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Use & Misuse of Cutting Tools

​This Tailgate Talk is part of the NLTAPA collection.

Problem


One way to prevent injuries with hand and power tools is to use the right tool for the job. In other words, don't use a screwdriver as a crowbar. Cutting tools such as utility knives can be particularly hazardous if not used properly.



What We Can All Do


Use heavy-duty CUTTERS when cutting heavy wire or bolts. Apply force at a right angle to the cutting edge. Never use them near live electrical circuits and wear eye protection.


Don't use claw hammers or crowbars to snap metal bands. Keep a gloved hand over the end that is likely to fly. When cutting bolts or rebar, hold the portion to be cut in one hand to keep it from flying.


Use one hand to operate TIN SNIPS and the other to hold the edges of the metal being cut. Don't lean over to cut the entire width when larger stock is being cut or when the material is likely to curl up. Never force, hammer, or step on the handle of tin snips to increase leverage. Use heavier snips.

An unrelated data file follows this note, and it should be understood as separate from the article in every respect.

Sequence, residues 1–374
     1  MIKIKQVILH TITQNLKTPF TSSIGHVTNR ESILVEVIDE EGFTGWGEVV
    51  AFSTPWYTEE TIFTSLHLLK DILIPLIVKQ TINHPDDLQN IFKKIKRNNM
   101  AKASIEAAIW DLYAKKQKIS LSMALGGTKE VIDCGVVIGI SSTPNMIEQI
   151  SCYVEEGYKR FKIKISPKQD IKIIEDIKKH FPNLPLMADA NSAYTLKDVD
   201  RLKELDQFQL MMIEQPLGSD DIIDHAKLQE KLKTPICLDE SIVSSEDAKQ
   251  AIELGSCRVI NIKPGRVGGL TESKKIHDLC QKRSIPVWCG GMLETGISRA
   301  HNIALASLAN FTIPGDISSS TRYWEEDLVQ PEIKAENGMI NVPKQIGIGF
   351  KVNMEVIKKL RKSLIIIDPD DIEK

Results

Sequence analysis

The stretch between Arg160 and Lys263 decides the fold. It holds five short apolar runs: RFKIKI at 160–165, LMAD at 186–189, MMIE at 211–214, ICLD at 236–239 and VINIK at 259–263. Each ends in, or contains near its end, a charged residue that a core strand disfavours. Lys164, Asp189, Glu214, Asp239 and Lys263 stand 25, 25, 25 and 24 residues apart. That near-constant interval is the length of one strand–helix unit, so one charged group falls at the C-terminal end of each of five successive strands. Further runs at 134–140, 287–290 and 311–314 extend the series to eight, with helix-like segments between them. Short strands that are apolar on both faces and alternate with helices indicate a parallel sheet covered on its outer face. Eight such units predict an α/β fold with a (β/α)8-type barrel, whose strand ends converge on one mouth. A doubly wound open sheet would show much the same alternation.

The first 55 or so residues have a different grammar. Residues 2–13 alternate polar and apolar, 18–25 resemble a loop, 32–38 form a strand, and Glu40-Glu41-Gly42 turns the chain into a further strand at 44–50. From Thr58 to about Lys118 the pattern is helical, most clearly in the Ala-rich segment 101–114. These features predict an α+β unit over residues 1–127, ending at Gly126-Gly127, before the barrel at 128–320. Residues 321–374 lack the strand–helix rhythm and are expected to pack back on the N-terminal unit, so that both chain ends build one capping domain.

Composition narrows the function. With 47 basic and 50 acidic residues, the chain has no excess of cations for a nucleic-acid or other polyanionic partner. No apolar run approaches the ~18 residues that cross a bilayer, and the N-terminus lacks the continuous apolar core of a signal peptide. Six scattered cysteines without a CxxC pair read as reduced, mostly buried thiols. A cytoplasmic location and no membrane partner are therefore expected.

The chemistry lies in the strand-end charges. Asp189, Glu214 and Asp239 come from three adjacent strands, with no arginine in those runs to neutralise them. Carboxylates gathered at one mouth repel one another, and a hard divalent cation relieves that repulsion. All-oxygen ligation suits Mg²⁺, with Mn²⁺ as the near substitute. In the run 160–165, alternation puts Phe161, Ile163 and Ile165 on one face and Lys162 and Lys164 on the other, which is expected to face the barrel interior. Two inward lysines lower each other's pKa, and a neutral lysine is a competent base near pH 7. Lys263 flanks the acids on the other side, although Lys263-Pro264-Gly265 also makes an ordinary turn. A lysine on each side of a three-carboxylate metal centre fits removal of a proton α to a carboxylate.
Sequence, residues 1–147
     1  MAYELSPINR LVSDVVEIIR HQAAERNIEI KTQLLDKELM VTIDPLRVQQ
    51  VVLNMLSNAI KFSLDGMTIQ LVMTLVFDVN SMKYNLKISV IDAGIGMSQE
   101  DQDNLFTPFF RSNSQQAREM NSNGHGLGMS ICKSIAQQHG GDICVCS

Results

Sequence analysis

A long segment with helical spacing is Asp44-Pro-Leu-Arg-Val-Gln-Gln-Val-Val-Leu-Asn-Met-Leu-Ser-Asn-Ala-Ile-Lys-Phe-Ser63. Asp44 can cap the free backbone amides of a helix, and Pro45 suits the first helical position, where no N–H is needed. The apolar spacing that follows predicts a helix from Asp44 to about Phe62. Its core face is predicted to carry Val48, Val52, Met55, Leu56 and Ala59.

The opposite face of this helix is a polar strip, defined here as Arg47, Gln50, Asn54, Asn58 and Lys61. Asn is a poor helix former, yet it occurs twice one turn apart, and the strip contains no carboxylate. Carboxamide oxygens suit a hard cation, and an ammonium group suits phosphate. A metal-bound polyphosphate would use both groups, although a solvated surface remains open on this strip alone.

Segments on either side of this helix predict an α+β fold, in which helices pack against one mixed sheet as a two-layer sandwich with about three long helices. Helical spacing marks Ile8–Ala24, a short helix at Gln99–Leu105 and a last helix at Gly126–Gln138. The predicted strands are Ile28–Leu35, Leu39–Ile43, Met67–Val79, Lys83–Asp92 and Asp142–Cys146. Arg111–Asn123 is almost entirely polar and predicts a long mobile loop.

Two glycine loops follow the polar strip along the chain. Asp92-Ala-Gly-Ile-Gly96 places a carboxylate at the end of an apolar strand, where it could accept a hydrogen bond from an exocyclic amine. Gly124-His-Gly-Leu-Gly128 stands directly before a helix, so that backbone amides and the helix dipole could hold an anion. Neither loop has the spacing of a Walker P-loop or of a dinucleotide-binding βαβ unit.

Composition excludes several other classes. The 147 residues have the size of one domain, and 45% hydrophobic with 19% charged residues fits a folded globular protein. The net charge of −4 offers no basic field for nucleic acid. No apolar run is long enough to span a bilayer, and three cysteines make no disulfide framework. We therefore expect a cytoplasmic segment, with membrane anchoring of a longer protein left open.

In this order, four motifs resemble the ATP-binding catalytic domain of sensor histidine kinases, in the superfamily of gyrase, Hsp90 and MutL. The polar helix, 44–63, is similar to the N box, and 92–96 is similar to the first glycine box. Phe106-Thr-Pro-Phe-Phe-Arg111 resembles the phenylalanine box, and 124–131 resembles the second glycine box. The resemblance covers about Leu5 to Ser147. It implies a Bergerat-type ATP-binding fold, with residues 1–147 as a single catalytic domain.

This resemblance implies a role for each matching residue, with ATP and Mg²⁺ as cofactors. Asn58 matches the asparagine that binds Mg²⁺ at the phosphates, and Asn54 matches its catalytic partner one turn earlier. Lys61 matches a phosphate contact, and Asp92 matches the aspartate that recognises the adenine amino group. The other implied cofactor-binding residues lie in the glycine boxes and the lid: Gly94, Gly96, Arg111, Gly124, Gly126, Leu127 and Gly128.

When working with UTILITY KNIVES, wear hand guards, mesh or leather gloves. Make the cutting motion away from your body. If this isn't possible, keep your body completely clear of the cutting stroke.


Use slow, careful downward strokes to help a SAW cut directly across the material. Don't crowd or force a saw through the cut because it may buckle or fly out. Keep the saw sharp, properly set and free of cracks and broken teeth.


When using a HACKSAW, apply pressure on the downward stroke only. On the return stroke, lift the saw and lightly pull it back in the cut to protect the teeth. If you twist the blade or apply too much pressure, it may break. Cutting too fast will cause the blade to heat up and snap. Use oil to keep it lubricated while in use.


Many of these safety hints are common sense, while others came from experienced workers. In either case, there are some very good reasons for understanding and using them, including your own safety.